1Department of Internal Medicine, Kaplan Medical Center, Affiliated to Hebrew University, Rehovot 76100, Israel.
2In Vitro Drug Safety and Biotechnology, Department of Pharmacology and Toxicology, Temerity Faculty of Medicine, University of Toronto, Toronto, ON M5G OA3, Canada.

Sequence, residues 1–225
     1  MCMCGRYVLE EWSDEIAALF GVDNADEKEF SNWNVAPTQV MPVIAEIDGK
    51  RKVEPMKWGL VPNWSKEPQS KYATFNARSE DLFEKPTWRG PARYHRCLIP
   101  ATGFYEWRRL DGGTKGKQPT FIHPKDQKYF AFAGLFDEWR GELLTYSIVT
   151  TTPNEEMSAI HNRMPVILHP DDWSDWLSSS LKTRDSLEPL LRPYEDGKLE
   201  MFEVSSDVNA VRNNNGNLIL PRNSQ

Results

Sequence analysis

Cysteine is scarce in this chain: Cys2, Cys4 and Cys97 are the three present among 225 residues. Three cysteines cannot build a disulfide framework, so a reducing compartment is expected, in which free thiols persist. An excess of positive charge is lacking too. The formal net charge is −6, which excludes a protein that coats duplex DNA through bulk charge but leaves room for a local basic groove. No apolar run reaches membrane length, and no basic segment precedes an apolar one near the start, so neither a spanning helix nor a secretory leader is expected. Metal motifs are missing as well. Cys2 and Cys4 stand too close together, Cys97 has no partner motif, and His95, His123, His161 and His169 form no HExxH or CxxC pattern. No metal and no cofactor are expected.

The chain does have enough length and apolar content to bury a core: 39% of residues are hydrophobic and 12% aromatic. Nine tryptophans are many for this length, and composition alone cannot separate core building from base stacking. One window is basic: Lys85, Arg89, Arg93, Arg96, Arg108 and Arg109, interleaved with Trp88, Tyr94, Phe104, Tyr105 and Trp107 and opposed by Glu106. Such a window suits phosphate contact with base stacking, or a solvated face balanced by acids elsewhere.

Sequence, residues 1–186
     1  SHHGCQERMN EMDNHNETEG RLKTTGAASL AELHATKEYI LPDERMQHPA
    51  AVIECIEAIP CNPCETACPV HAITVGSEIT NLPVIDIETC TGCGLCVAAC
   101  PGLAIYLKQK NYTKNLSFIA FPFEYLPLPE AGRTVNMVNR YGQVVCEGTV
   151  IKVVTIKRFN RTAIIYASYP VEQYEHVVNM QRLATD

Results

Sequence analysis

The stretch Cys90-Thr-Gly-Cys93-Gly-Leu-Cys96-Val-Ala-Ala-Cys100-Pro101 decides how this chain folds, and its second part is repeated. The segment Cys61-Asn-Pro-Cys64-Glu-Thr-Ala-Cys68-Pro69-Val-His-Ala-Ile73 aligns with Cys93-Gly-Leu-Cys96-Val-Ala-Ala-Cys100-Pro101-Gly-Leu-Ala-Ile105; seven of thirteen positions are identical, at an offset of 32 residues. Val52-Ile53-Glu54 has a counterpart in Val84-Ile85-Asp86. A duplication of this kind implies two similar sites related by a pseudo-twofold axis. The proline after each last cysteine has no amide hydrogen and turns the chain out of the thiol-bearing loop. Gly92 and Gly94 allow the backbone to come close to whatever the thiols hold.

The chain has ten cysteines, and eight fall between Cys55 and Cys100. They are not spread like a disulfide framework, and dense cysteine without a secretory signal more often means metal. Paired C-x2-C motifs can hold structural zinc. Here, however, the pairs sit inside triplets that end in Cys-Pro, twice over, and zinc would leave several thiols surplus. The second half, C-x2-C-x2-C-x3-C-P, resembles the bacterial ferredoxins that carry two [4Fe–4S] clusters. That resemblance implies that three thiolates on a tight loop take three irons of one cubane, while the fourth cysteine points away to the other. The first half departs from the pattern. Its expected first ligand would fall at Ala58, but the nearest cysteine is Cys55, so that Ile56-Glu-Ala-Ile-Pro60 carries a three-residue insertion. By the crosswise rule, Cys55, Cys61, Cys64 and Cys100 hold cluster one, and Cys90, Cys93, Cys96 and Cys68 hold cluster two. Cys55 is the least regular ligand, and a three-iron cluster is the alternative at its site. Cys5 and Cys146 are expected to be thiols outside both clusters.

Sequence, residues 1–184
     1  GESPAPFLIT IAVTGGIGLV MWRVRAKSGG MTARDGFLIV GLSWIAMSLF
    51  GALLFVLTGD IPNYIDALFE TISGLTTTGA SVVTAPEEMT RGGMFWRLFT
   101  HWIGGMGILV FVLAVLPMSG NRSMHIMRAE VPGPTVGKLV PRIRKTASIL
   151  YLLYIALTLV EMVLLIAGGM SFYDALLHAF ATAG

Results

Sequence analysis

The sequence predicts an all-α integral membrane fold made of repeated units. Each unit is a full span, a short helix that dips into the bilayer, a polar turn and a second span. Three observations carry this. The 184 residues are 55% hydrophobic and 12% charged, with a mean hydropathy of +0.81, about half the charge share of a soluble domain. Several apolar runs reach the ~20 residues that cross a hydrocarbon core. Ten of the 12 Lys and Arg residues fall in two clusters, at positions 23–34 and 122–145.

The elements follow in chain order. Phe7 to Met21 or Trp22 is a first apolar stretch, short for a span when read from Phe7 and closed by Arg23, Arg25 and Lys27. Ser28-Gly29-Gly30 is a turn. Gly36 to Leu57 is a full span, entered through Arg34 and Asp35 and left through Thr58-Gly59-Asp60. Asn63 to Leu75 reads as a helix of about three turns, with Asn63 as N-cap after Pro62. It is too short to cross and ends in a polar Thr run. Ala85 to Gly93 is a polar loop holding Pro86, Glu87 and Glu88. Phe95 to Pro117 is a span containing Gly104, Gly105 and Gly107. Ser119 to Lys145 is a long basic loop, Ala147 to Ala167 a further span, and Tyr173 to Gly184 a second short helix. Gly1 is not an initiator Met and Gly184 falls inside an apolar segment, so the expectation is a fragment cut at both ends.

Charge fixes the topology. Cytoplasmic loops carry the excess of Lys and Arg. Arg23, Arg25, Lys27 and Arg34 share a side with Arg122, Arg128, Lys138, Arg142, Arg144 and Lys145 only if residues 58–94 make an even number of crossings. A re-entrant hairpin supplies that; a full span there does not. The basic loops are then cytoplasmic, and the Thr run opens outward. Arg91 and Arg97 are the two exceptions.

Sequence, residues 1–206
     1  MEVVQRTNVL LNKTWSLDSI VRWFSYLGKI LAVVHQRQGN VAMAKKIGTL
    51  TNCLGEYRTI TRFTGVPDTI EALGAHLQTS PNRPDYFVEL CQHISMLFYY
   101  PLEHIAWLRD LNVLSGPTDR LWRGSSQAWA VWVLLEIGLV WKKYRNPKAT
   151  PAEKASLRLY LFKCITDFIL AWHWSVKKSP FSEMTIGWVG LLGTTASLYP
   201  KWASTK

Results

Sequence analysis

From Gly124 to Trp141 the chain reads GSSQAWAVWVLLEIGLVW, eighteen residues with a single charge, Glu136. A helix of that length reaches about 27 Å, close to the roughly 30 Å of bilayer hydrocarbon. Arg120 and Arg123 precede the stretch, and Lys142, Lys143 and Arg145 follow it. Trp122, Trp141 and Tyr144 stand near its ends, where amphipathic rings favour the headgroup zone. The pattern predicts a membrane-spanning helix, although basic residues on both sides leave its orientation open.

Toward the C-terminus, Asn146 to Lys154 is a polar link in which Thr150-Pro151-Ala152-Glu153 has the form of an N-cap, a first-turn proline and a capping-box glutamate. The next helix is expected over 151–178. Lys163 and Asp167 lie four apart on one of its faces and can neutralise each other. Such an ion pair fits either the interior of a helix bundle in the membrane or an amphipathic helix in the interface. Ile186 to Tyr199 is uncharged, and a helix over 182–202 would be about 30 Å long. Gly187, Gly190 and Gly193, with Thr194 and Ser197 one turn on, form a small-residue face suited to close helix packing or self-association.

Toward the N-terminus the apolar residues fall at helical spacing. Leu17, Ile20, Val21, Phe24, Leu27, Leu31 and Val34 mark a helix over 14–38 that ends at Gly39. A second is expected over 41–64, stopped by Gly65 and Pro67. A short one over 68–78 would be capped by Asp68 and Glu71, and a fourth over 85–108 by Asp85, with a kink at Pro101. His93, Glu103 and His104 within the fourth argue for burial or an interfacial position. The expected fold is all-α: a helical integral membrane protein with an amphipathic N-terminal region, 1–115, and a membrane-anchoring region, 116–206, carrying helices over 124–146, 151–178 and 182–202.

In alcohol-induced liver disease (ALD) and in non-alcoholic fatty liver disease (NAFLD), there are abnormal accumulations of fat in the liver. This phenomenon may be related to excessive alcohol consumption, as well as the combination of alcohol consumption and medications. There is an evolution from simple steatosis to steatohepatitis, fibrosis and cirrhosis leading to hepatocellular carcinoma (HCC). Hepatic pathology is very similar regarding non-alcoholic fatty liver disease (NAFLD) and ALD. Initially, there is lipid accumulation in parenchyma and progression to lobular inflammation. The morphological changes in the liver mitochondria, perivenular and perisinusoidal fibrosis, and hepatocellular ballooning, apoptosis and necrosis and accumulation of fibrosis may lead to the development of cirrhosis and HCC. Medical history of ethanol consumption, laboratory markers of chronic ethanol intake, AST/ALT ratio on the one hand and features of the metabolic syndrome on the other hand, may help in estimating the contribution of alcohol intake and the metabolic syndrome, respectively, to liver steatosis.